Communication, Cell Phones and Internet

Visiting Americans will notice one important thing when they arrive in Cuba. No cell phone coverage and no available roaming to choose from. Most US phones will not work in Cuba even with a Cuban GSM sim installed due to differences in frequencies. Cuba installed European systems for its cell phone coverage provided by a Spanish company which is not compatible with almost all US carriers. Some triband US phones will work (if liberated) with a Cuban sim card but this would mean paying 65 USD, filling out contracts for a line. Roaming cannot exist due to the Cuban Embargo limitations and the fact that NO US mobile carriers have termination agreements (needed to allow the exchange of monies in roaming scenarios) with Cuba and, creating them could be impossible or at best extremely difficult because, it would mean that the US carrier send money to the Cuban government for the use of its network as a result of calls made by visiting US Citizens. A situation nightmare for the operators because, more than once, money owed to Cuba for fixed line phone calls has been embargoed by US courts to pay settlements in law suits filed in the US against Cuban companies or, in some cases, the state.

Internet – About 5% of all Cuban hotels offer hotspot WIFI. Others offer a few machines near the lobby in a type of Internet Café. Less than 1% of Cuban hotel rooms offer internet. Americans will find it very difficult to access the internet as a result of this.



There is neither GPRS nor 3G connection available in Cuba. There are unconfirmed reports that high level officials and the military have access to GPRS but, I have never seen even a signal in Cuba on any frequencies. Therefore Blackberry´s and other GPRS/3G powered devices will not work in Cuba at all.


Buying Real Estate

No foreign national can buy real estate in Cuba. A law exists based upon the Law 77 for foreign (1995) investment to allow the building and subsequent sale of Real Estate condos to foreigners but, only around 30 buildings or 1200 condos were ever built and all were sold. Some resales may exist but these will be a handful at most. No projects of this type have been approved since 2002, being a clear signal from the Cuban government that they have no intention of allowing ongoing investment in this sector. Furthermore, existing Cuban property is not available for sale. In fact no law exists to allow Cuban´s to sell to each other, this being replaced by a barter system called a “permuta” where growing families can exchange their smaller house for a bigger one when older people no longer require the larger home they have. No money is supposed to exchange hands in these transfers and is formally prohibited. Property could therefore be purchased but no title deed is feasible plus, once authorities discover the sale took place (IE you live at your home) the property is confiscated under existing local law.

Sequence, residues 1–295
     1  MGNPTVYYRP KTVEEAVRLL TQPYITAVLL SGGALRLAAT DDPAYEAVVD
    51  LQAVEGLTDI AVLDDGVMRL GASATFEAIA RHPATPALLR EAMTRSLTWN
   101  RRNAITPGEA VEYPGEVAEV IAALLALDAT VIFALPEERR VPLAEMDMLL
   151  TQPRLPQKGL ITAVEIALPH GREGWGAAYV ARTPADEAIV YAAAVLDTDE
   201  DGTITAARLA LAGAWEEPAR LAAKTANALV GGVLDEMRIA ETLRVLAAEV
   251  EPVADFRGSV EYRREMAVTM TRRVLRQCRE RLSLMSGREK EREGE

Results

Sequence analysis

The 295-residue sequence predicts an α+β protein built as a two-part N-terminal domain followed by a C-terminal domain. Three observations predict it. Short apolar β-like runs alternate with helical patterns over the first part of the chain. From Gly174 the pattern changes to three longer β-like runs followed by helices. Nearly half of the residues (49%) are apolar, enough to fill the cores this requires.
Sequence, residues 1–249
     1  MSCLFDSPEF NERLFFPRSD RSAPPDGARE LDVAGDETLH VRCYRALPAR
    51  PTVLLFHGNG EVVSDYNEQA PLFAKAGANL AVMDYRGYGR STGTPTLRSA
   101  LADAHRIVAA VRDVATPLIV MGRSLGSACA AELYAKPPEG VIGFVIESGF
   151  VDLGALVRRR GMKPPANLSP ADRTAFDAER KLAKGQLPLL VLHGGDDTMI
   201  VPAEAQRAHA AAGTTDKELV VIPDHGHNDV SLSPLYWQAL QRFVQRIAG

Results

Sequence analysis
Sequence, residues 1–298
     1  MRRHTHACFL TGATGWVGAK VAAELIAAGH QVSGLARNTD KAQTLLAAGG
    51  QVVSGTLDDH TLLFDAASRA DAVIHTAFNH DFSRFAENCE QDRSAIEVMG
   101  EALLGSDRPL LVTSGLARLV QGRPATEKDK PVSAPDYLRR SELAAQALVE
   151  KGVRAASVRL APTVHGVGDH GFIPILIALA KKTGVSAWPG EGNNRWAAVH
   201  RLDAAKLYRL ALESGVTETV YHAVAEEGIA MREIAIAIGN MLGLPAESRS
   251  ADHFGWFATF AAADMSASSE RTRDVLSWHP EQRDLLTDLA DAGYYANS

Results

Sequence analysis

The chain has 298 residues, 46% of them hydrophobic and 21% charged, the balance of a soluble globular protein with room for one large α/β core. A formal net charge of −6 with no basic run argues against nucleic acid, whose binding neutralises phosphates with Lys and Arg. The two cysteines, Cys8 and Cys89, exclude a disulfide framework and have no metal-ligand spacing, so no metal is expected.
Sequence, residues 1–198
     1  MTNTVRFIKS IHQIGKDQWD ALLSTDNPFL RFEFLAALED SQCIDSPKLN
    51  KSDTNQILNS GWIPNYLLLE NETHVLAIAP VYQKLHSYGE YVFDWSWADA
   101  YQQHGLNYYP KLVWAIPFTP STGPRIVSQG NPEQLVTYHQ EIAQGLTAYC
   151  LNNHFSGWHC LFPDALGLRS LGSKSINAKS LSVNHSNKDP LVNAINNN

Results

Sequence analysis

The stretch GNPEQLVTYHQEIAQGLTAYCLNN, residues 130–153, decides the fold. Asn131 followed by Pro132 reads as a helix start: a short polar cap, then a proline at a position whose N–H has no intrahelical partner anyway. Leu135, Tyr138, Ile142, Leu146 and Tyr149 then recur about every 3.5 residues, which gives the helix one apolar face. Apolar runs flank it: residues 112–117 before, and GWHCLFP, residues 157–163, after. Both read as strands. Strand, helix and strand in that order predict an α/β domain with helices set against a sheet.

Car Rental

Car rental in Cuba is very difficult to obtain and vehicles are often substandard simply because of the roads on the island. It is not uncommon to find cars of 3-4 years old with over 80K miles for rent. Cuba has opted for “one destination tourism” in places like Varadero, Holguin and the islands of Cayo Coco and Cayo Largo, specifically offering little or no car rental in these locations. The current fleet of vehicles is already stretched to capacity in Havana and Santiago. Issues would also probably arise with US insurance companies refusing to offer cover in Cuba due to repatriation costs and the problems related to paying for medical care on the island in the event of a claim. The embargo would essentially prohibit such payments as it stands today.